The Ninth Circuit’s opinion raises several questions, and we are not convinced the court found the correct answers.  The plaintiffs argued that the ordinance discriminates against drug manufacturers outside Alameda County, but the Ninth Circuit rejected that argument because the ordinance treats all manufacturers the same and because the ordinance does not shift costs outside Alameda County.  Id. at *3.  Hmm.  We are not constitutional law scholars, but this holding makes us want to dig deeper.  First, the ordinance does not treat everyone the same:  It exempts local pharmacies, even though they, like drug manufacturers, sell the drugs that supposedly require collection and disposal.  Second, where the Ninth Circuit sees an ordinance that does not shift costs outside the county, we see one that is unabashedly forward in doing exactly that.  The prohibition on local fees and the exemption of local pharmacies are dead giveaways.  

So what was the Ninth Circuit’s support?  The plaintiff trade groups had three members with headquarters in Alameda County and twomembers with manufacturing facilities in Alameda County.  So the costs will be borne in Alameda County, right?  Id.  This sounds like a good point—until you understand that the plaintiff trade groups have hundreds of members nationwide, a fact not found in the Ninth Circuit’s opinion.  As a practical reality, substantially all of the costs will shift outside the County, which is exactly what the lawmakers intended.  The Ninth Circuit also noted that to the extent the costs results in an increase in drug prices worldwide, Alameda County residents will bear that cost, too.  Id.  But when comparing the population of this one California county to the drug-purchasing population of the world, the portion of the cost to be borne by county residents is miniscule.  Again, we do not deal with the Commerce Clause on a day-to-day basis, but we think the plaintiffs had a point on this one.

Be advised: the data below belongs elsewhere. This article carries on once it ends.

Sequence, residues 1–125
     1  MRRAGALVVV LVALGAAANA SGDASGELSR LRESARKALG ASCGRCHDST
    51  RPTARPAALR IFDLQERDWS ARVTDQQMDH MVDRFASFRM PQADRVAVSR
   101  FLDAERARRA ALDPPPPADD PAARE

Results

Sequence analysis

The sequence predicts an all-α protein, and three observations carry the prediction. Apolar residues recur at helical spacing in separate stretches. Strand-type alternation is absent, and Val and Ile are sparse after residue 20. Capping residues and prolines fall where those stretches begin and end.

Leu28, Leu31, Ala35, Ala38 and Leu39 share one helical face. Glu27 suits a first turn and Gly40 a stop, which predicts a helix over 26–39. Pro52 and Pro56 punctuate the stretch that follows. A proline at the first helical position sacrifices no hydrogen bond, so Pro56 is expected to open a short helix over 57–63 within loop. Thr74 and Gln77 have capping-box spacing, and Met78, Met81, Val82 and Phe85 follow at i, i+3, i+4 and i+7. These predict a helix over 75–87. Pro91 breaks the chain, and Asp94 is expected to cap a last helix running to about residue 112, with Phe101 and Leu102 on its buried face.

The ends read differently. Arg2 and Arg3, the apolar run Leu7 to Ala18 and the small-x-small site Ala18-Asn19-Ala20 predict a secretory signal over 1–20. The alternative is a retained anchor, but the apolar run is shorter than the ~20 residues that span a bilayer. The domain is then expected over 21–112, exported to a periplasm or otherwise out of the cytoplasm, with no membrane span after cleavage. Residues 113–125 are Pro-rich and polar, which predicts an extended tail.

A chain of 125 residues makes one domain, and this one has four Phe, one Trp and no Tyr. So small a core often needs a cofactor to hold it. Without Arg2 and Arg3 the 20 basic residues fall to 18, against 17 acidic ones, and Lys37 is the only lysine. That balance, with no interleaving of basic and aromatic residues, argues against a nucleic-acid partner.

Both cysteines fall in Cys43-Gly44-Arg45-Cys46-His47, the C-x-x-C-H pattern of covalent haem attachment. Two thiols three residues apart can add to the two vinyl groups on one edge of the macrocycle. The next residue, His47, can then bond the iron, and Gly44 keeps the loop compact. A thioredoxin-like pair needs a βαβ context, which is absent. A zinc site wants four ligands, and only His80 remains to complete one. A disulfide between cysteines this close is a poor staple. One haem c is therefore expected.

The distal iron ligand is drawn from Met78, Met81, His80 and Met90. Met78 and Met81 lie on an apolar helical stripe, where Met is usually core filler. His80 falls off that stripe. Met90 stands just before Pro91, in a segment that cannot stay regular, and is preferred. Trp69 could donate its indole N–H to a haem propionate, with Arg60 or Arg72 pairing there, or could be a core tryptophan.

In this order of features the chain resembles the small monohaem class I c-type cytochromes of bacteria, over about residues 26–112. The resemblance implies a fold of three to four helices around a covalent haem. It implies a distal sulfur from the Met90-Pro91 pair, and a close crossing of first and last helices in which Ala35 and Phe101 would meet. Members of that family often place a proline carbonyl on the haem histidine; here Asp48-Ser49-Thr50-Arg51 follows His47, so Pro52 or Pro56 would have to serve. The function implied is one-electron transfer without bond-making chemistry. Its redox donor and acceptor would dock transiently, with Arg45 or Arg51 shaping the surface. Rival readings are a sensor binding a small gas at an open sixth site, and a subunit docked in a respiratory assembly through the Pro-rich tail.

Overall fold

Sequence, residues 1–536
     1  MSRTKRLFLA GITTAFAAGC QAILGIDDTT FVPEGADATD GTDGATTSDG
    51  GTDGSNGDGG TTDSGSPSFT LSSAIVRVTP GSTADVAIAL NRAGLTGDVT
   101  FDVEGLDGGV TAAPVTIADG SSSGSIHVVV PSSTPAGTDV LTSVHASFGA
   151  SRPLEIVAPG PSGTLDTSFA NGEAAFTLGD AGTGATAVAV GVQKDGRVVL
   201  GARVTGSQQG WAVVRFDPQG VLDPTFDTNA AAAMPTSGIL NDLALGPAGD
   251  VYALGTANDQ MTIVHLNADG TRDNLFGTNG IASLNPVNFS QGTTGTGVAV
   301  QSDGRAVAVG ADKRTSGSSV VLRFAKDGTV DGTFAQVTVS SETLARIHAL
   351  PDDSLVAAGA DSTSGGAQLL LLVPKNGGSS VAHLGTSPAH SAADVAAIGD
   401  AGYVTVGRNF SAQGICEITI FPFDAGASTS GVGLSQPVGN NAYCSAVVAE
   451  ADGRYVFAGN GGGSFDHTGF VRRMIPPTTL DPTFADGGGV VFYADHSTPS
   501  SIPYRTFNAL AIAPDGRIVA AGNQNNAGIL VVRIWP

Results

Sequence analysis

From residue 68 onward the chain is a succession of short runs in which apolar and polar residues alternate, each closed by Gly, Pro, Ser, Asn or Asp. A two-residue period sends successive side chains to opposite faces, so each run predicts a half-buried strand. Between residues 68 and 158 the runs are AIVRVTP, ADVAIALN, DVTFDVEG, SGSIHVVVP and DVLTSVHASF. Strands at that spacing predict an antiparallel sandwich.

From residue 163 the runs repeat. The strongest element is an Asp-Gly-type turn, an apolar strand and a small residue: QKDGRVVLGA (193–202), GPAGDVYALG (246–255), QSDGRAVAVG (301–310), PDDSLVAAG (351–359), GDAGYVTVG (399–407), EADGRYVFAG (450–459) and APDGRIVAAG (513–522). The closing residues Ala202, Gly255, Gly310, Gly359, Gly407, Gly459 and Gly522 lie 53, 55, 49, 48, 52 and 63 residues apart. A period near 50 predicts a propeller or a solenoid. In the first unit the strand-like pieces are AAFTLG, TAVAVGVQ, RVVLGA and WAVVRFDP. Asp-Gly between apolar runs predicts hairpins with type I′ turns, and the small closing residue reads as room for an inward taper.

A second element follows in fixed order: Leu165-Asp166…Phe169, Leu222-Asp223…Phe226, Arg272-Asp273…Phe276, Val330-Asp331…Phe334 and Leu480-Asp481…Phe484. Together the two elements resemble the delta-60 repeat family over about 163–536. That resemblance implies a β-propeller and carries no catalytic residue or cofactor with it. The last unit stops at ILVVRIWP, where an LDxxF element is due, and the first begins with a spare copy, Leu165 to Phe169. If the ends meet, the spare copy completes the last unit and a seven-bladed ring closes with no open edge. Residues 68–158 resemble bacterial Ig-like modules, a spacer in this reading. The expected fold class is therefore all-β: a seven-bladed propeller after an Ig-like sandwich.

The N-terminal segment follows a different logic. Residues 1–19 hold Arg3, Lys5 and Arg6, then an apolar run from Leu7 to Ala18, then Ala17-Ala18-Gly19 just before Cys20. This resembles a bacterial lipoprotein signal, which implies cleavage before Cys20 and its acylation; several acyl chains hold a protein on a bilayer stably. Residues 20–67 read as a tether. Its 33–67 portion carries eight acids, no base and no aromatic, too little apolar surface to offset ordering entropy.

The plaintiffs also argued that the ordinance directly regulates interstate commerce by controlling conduct outside the state.  The Ninth Circuit rejected this argument because the parties stipulated that (1) any manufacturer that does not sell drugs in Alameda County is not required to do anything under the ordinance and (2) the ordinance does not require implementation of stewardship programs outside Alameda County.  Id. at *4.  We suspect this “only in Alameda County” vision is an overly simplistic view of the issue.  Drug manufacturers sell their products through distributors and other intermediaries, who determine the ultimate destinations of the products.  It is difficult to imagine an effective way for a manufacturer to carve a single county—one of 58 counties in California and one of 9 counties that make up the greater Bay Area—out of the distribution chain.  Maybe whole states (Alabama or West Virginia come to mind), but counties?  Again, as a practical reality, there really is no way to view this ordinance as anything other than an unavoidable tax on the sale of drugs in interstate commerce.  We suspect the Commerce Clause has something to say about that.